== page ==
Cedars-Sinai Brainworks Conference features 'Robot-Doc'
Monday marked the seventh year of Cedars-Sinai Medical Center's "Brainworks," a conference for over 100 local seventh and eighth graders as part of a commemoration of Brain Awareness Week.
The students who attended Brain Week had the chance to learn about the intersection of the fields of health care and science as they visited interactive stations in the hospital's Department of Neurology. The stations ranged from a rehabilitation and healing station where students had the opportunity to learn what it is like to apply and receive therapy, to a research seminar where students could see and participate in DNA, tumor, and laser experiments.
Fourth-year neurosurgeon resident, Debraj Mukherjee, was invited to speak and believes that it is a "wonderful conference for the kids to learn how to go from being in middle school to how to get into the health care field, particularly the sciences." The Department of Neurosurgery joins with the Rehabilitation Center at the Medical Center to organize the conference each year.
Amy Bender, a supervisor of the Rehabilitation Center who helped organize the conference for the seventh year in a row, noted that Brainworks is "such an important event" and added that "our role is to educate the students who come through to treat those who have had a head injury and those who have had a brain tumor."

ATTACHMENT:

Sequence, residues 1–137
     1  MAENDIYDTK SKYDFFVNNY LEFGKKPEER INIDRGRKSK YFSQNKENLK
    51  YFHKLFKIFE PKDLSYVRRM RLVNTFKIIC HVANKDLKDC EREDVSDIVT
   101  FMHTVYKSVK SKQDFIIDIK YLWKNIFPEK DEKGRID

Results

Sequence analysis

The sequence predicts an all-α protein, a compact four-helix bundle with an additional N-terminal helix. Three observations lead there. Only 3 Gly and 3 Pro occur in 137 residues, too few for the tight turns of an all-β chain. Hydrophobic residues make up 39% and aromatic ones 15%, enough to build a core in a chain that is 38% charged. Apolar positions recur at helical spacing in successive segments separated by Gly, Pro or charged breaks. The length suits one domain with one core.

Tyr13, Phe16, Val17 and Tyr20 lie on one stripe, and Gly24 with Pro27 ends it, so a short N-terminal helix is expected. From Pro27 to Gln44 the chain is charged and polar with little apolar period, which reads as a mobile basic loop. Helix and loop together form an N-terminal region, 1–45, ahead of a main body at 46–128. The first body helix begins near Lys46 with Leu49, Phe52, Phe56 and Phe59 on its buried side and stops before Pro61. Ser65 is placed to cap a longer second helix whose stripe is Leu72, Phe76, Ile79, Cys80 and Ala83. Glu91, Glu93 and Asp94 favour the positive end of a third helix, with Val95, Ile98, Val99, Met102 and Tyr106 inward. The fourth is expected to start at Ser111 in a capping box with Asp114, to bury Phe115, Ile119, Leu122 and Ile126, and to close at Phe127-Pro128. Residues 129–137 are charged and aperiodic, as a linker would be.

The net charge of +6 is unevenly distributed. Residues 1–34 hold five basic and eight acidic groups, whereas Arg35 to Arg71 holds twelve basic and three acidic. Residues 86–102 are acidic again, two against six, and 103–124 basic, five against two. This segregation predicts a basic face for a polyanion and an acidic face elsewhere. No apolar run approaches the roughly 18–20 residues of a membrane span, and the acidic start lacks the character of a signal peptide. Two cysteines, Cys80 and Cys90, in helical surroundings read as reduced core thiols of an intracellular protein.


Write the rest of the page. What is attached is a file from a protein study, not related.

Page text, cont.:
According to Issa Mussen, mother of a seventh grader who brought her son to the conference, was impressed by the talk that Patrick D. Lyden M.D., chair of the Department of Neurology relating to his leading research in stroke research.
"It's important to inspire the kids," said Mussen, "for whatever they wanna do." Mussen's son, Gomez Sandoval, thoroughly enjoyed each of the stations he visited. Although he thinks he would rather be a psychologist than a neurologist, he was fascinated by the new technology that enables one to "help put your socks on if you have had hip surgery," as well as "how to increase your swallowing ability when it is hard for you to swallow."
Finally, the students were able to meet "Robot-Doc" - a dependable machine powered from a computer interface and joystick who seems to be capable of performing tasks 24 hours a day. The robot enables doctors to teleconference and collaborate in the Critical Care Unit at Cedars-Sinai, and has multiple ports for plugging in instruments that enable doctors to view a patient's vital signs.
Brain Awareness Week will go on through Saturday, March 16.